I just went and had the procedure done October 9th. It was painful but i thought it’s ok not unbearable. I had a lid woth no pain meds i can do it right? Well after the procedure my doc sat me up on the bed and said to sit there for 5 min before trying to stand and get dressed. I never even made it 5 minutes. I did what i was told and while i was sitting there i passed out and woke up with my face in the floor and a puddle of blood. When i saw i was bleeding i got scared and screamed. The doc a nurse and a student came in and i was lying there still woozy and they helped me up and dressed me. They got a wheelchair and took me to the ER. My head, neck , jaw,and chin was hurting at the time. I had to get 5 stitches in my face and now i cant hardly move my arm. It was definitely a bad experience. Have someone in the room with you and dont drive after.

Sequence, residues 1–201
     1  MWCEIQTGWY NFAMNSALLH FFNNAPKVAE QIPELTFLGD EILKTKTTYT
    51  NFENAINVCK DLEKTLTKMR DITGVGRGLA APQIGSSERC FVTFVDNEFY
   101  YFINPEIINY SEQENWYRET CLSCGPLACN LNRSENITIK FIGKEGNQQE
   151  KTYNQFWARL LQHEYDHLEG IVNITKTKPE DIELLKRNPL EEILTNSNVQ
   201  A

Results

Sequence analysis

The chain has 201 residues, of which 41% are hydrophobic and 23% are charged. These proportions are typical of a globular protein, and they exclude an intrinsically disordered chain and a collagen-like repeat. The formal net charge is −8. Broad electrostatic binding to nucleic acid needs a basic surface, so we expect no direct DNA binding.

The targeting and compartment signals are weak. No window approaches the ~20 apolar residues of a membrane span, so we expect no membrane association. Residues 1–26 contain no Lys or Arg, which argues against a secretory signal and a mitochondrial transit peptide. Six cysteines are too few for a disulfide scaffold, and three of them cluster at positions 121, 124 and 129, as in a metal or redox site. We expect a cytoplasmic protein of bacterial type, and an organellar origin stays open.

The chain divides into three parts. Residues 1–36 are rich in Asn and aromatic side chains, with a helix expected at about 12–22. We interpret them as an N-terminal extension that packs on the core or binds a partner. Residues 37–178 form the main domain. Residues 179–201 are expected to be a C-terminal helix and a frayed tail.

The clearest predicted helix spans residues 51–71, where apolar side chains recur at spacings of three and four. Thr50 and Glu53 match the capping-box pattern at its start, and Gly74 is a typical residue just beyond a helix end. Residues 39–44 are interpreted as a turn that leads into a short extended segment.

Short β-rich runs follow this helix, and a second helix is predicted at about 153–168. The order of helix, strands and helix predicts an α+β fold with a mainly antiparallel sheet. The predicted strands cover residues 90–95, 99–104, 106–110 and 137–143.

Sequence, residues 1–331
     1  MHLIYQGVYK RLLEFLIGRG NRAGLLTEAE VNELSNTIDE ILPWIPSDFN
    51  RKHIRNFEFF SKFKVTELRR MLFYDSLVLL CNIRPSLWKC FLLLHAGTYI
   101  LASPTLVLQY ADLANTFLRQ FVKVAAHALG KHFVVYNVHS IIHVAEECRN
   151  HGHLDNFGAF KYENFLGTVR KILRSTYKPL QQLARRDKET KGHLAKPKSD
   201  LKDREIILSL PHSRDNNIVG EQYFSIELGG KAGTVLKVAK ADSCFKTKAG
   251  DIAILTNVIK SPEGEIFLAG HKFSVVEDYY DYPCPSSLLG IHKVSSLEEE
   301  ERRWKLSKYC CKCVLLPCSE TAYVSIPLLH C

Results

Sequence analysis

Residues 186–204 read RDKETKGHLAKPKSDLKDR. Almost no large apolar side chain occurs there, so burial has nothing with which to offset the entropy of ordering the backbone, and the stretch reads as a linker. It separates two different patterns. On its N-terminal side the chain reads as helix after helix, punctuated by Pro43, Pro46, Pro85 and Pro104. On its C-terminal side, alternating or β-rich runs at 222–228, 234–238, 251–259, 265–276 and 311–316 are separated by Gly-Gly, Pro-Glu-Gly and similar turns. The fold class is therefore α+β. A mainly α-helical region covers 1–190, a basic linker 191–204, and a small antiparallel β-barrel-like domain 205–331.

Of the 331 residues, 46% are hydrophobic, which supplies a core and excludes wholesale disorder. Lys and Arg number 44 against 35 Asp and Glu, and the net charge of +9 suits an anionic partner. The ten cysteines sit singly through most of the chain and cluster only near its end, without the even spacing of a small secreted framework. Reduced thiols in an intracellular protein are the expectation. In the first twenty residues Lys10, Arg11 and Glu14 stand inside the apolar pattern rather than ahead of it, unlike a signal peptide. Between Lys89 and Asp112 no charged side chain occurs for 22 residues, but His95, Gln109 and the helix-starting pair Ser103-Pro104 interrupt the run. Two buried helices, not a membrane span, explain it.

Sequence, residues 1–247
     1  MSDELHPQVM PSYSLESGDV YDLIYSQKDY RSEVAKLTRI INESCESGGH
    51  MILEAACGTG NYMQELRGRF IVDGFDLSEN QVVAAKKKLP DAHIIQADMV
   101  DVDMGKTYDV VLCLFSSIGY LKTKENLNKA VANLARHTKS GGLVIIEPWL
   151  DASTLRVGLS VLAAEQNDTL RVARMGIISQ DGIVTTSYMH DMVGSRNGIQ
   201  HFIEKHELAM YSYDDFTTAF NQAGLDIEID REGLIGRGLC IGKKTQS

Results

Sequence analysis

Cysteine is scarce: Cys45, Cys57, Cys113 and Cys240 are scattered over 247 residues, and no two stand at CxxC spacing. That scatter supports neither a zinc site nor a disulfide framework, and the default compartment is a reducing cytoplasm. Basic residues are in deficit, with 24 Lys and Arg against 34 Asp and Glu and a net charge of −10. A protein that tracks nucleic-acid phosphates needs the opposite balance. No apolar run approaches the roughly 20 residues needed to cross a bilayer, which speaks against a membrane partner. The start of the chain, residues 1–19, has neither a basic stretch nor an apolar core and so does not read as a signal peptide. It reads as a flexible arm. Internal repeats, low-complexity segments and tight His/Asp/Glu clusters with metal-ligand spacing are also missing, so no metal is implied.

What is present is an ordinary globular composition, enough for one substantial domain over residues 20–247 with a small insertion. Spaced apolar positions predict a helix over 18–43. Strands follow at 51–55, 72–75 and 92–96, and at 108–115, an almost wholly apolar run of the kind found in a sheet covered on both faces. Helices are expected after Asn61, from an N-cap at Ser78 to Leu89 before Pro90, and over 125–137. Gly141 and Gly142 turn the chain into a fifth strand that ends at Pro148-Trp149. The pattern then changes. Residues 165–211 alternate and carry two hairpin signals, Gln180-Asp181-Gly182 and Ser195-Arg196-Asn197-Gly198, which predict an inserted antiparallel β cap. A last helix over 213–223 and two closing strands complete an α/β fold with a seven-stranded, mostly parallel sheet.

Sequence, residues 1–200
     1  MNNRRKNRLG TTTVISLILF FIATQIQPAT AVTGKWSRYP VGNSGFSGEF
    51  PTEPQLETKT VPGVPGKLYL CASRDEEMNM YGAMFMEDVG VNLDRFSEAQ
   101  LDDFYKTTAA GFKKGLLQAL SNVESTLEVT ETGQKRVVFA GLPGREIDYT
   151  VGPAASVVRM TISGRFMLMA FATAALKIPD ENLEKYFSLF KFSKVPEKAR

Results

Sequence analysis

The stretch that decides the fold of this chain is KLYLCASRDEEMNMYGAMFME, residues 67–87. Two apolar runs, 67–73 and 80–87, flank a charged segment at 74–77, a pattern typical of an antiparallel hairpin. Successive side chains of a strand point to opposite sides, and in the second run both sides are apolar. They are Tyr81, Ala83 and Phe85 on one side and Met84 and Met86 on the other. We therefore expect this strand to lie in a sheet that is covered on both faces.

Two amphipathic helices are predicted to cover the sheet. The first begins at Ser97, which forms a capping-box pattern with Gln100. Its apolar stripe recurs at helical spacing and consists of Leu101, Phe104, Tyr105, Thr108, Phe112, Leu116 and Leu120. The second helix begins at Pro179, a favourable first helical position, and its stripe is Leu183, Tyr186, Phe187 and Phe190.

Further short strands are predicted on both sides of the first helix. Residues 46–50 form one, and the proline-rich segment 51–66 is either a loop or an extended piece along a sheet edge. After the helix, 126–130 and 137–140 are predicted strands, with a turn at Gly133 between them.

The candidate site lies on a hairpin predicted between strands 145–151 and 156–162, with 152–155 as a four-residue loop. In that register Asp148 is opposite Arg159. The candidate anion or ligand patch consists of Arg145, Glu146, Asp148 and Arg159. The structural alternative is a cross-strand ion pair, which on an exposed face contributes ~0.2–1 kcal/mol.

• Sabine
      October 14, 2019

      Oh dear God! That is horrible, Suzanne. They shouldn’t have left you alone. I almost passed out too. Apparently it’s not that uncommon. Thank you for sharing your experience. Hope you’re feeling better.

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Mom in Music City is a lifestyle blog, written by Sabine Schmidt, celebrating a simple and practical approach to home improvement, decor, beauty, food, parenting, and much more.